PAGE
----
Making Magic Happen
A Q&A with Marilyn Romero ’12
December 19, 2011
Marilyn Romero ’12 has made the most of her time at Dickinson. She broadened her horizons in not just one but three study-abroad programs—traveling to Spain, Mexico and Italy. As a Bonner Leader, she helped repair hurricane-damaged homes on two service trips to New Orleans. She helped start the CONNECT Summer Program for Carlisle middle-school students, serving as the program coordinator for the past three summers. And she helped teach writing skills to the children of local migrant workers—all while working toward a double major in Spanish and Latin American, Latino and Caribbean studies.
Yet none of it would have happened without the scholarship that enabled this Wheaton, Md., native to come to Dickinson. As she puts it, “I’m an example of how your donation changes lives.” This fall, Romero sat down with one of her mentors, Joyce Bylander, special assistant to the president for institutional and diversity initiatives, to talk about her experience at Dickinson and how her scholarship has changed her life and “made magic happen.”
Joyce Bylander: Was affording college something you thought about a lot during your college search?
Marilyn Romero: Yes, definitely. I spent a lot of time at the career center in my high school. I was there every day. I used to get kicked out on Friday evenings. They would say, “Why can’t you be a normal kid? It’s Friday. This is your free time.” I told them, “I know, but I have to get into college. So this is what I want to do. I have to spend my free time looking for colleges, looking for
ways to pay for college.” Coming from a low-income, single-parent family, I knew it would be very hard, but I knew I had to find a way.
JB: How did you first decide you wanted to come to Dickinson?
MR: The only college I really knew anything about was the University of Maryland, and I’d gone to visit a biology class at UMBC. It was a class of 300 people, and when you wanted to ask a question, you had to hold up a folder with your ID number on it. So they would call on you by number—not even your name. I remember talking to my honors English teacher, Mrs. [Bridget] Roberts [the wife of Chris Roberts ’02], and telling her, “I don’t think I can go to a school like that.” But at that time, I didn’t even really know what a private, liberal-arts college was.
JB: I remember Bridget telling me she had some students for whom she thought Dickinson would be perfect—because even though she didn’t go here, she knew Dickinson through Chris, and she’d become an honorary Dickinsonian.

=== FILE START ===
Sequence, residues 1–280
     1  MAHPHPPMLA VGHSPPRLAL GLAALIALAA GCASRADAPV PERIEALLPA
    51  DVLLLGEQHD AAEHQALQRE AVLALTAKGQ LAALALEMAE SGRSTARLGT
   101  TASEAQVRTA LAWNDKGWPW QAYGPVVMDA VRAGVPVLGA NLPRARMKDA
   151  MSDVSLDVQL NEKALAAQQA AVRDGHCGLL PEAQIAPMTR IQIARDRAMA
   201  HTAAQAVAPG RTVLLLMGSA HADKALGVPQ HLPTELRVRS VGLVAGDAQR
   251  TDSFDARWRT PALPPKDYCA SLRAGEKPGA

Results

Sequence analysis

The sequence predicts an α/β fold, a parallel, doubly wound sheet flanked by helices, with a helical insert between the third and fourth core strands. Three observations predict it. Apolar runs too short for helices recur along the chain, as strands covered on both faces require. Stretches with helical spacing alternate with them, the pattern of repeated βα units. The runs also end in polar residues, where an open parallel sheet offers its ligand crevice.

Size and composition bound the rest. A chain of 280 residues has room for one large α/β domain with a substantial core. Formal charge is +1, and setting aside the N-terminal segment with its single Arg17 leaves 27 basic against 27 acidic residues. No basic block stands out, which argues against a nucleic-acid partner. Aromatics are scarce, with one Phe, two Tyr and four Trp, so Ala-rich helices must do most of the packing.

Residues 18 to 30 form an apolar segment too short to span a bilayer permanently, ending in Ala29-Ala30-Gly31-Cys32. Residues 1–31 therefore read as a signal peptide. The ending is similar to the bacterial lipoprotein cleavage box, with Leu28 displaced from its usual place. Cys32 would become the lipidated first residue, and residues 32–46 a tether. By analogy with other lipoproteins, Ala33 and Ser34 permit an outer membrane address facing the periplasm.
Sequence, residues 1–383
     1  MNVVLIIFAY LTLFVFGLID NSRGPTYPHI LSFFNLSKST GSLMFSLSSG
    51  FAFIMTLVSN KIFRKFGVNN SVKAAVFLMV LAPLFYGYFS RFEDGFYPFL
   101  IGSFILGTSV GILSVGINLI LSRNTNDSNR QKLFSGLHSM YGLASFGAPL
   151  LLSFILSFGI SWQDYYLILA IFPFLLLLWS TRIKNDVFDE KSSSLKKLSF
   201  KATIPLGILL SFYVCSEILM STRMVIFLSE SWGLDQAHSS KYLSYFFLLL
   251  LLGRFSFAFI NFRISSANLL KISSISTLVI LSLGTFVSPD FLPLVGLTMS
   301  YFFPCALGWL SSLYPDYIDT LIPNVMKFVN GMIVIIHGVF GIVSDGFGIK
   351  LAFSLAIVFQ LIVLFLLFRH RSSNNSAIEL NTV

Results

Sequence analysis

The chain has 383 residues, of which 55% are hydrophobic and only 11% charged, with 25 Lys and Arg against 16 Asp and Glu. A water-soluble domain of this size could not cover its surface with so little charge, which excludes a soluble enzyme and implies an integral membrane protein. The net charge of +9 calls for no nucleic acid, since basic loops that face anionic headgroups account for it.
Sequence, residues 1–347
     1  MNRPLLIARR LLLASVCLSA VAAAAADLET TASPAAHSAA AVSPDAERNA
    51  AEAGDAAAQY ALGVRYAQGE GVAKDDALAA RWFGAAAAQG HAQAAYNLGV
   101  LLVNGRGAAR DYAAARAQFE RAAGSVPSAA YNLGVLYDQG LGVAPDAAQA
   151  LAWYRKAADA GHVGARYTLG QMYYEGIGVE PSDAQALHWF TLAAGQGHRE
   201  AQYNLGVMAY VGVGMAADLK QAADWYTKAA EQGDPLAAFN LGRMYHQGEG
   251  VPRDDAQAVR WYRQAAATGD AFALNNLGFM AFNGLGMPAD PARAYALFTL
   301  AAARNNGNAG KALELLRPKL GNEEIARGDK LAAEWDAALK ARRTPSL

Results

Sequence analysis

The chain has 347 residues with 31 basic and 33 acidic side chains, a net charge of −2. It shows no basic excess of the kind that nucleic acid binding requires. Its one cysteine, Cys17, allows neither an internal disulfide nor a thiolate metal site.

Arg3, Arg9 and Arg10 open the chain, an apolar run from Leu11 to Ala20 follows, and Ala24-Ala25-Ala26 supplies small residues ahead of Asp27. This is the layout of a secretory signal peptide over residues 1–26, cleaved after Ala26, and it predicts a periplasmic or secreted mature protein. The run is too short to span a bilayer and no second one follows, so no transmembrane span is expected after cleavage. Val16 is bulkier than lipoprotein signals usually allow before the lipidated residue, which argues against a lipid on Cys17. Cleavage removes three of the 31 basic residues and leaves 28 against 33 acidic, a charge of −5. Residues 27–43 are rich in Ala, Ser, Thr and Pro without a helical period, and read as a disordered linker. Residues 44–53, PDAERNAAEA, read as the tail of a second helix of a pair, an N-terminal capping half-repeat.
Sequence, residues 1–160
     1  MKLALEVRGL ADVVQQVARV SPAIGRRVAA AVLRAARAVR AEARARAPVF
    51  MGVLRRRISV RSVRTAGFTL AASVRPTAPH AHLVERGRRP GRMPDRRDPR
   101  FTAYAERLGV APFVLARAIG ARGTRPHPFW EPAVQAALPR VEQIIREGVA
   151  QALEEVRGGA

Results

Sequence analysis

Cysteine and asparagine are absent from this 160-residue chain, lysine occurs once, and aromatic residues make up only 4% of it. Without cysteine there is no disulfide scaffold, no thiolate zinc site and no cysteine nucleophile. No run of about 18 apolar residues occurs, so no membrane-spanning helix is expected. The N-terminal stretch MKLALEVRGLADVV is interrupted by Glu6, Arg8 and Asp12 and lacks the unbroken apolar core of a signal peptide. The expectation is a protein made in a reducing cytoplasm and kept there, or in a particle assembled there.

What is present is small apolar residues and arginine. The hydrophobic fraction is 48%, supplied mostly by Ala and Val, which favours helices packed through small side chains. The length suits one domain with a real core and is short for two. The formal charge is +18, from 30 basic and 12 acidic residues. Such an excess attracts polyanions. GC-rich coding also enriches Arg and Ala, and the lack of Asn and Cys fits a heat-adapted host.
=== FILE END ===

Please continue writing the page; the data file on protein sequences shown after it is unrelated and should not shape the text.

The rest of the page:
MR: So she planned a trip for us to come to visit Dickinson. We took the tour and it was all very nice, but what really got me interested was when the tour guide talked about all the study-abroad programs. Then we walked into the HUB, and I saw all of the pictures of the places where you could go.
JB: And you wanted to go to all of them …
MR: Back then I couldn’t even imagine that was possible. I just looked at the pictures and thought, “Wow, maybe I’ll have the chance to go somewhere like that.” That had always been a dream of mine. Even when I was little I used to tell my mom, “I’m going to travel the world one day.” Then we talked about Dickinson’s global engagement, and we saw the library and some of the academic buildings, and I just fell in love with the college. But at the end of the day, we were looking through the red folder from admissions with brochures and pamphlets. I heard some boys behind me say, “$52,000 a year, what?” I pulled out the brochure, looked at it and said, “Oh, well, I guess I’ll have to say goodbye to this school, because I cannot afford to go here.” I was really sad because I loved it, but I just thought that was it—I’d never be able to afford it. So Dickinson was my dream school, but I couldn’t really even see it as a dream.
JB: It was your dream, but you were afraid to dream it.
MR: I thought I had no right to dream it because it wouldn’t come true. Whenever I would look at another school, I would compare it to Dickinson and there would be something missing. I had applied to 11 schools. I’d been accepted to eight and wait-listed at two. Dickinson was the last response I was waiting for when I left for El Salvador with my family for spring break. When we got back, I got the mail and rushed to my room. I saw a big red package and opened it. It said, “We would like to congratulate you. You’ve been accepted …” But the part that made me cry was the financial-aid letter. At first I was confused. I was hugging my mom and reading it, and it listed scholarships, grants, work study, and it all balanced out. I just cried. I showed my mom, and I said, “I think I just got into my number-one school, and I think I just got a full ride.” Then I took it to school to show Mrs. Roberts, and we were both jumping up and down and crying. It was amazing. Dickinson was telling me they wanted me to come here. I’ll never forget that day.
Marilyn Romero in Barcelona’s Park Guell.